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  1. Member
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    Hello

    In this sample, we can hear the signal of someone's GSM cellphone.

    The sound was recorded using the embedded camcorder microphone, but I had the same issue with an independent digital audio recorder.

    Is there a way to protect digital recorders from picking up cellphone signals?

    It's an especially big issue when recording indoor, since the lower the signal from the wireless network, the stronger the cellphones try to connect.

    Thank you.
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  2. Member
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    Switch your phone off then. It will have to be very close to the camcorder so is likely to be yours or somebody very close to you.

    All I get in the sample is a couple of advertising videos with no interference on the sound.
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  3. Member
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    Originally Posted by Richard_G View Post
    Switch your phone off then. It will have to be very close to the camcorder so is likely to be yours or somebody very close to you.
    Mine was switched, and I can't force ten's of people in the room to switch theirs off entirely (not mute) simply because I'm recording.

    Originally Posted by pandy View Post
    Yes, you can use RF absorbing/shielding materials however it is easier to switch off phone as Richard G advise.
    Thanks, I'll investigate RF shielding.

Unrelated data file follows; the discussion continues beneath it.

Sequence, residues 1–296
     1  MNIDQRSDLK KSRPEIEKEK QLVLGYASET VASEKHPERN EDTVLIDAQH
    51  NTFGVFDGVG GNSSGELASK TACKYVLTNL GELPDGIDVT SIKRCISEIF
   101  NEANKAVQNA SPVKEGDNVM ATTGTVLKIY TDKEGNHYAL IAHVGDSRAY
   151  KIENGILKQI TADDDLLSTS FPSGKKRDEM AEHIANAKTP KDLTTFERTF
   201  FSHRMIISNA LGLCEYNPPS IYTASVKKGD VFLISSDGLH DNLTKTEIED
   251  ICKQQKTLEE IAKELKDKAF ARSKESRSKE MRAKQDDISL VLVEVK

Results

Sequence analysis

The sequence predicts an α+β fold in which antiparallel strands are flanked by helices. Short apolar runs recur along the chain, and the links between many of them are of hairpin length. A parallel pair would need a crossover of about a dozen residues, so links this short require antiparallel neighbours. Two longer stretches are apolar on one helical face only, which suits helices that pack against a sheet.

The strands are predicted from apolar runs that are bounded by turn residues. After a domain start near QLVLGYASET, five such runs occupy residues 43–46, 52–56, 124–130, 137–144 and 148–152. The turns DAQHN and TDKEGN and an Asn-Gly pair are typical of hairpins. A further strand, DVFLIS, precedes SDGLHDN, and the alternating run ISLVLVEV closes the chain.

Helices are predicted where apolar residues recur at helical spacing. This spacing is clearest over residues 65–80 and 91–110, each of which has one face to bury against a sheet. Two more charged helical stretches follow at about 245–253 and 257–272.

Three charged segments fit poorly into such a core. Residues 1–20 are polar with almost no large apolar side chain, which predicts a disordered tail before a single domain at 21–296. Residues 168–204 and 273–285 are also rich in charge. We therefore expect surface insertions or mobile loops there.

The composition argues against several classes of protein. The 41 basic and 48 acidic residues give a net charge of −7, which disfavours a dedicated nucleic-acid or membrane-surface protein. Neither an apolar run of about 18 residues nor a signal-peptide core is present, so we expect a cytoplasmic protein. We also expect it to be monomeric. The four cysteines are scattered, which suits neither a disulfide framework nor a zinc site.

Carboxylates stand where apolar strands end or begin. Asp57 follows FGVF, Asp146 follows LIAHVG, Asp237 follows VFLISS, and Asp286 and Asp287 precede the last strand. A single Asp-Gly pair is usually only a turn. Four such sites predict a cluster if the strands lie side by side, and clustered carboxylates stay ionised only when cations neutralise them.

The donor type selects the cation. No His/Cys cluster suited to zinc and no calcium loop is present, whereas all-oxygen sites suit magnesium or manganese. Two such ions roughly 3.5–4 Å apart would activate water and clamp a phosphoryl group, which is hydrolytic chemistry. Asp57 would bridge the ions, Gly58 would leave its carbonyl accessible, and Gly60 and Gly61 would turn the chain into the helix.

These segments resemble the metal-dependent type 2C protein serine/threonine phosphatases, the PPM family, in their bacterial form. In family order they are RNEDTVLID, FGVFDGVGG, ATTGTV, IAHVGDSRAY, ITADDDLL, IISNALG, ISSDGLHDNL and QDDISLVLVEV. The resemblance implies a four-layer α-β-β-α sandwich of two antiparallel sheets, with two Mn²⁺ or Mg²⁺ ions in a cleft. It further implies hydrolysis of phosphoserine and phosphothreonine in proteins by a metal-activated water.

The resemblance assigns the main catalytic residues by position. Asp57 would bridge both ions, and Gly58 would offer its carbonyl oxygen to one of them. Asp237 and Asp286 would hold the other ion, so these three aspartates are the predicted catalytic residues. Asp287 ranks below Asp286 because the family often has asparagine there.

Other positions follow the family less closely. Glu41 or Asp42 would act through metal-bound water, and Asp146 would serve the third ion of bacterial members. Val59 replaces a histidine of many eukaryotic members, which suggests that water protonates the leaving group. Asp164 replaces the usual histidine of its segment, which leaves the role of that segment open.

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  4. Originally Posted by yetanotherlogin View Post
    Originally Posted by pandy View Post
    Yes, you can use RF absorbing/shielding materials however it is easier to switch off phone as Richard G advise.
    Thanks, I'll investigate RF shielding.
    Not sure what microphone we talking about but perhaps problem is related to way how particular device was designed - then only complete shielding can help, easiest way is to place recorder in some Faraday shielding bag.

    http://www.amazon.com/Black-Hole-Faraday-Bag-Isolation/dp/B0091WILY0

    Personally my self - i placing few times cable trough http://intermark-usa.com/products/emc/emi-ferrite-emi-ferrite-cores/ (ferrite split/clamp cores) this work quite fine for most RF interferences even from strong local RF sources like cell phones

    http://audiosystemsgroup.com/SAC0305Ferrites.pdf

    But this can be not possible (probably) in your case thus need to use something more fancy (and expensive).
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  5. Member
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    The video was shot using the embedded microphone in the camcorder, and the problem also occurs with a digital audio recorder also with its embedded microphones (Tascam DR-40), so I can't use a ferret.

    Thanks for the link on that Faraday shielding bag. I could use something flexible to wrap around the device.
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  6. Usually fancy bags use Welcro to seal bag but you can use fine metal mesh fabric - it should work exactly the same, or even normal baking aluminum foil - just make small (1 - 2mm) hole where mic is located after wrapping recorder (you lose display and direct access to switches ) - this should work fine - obviously this method is valid only for audio recorder.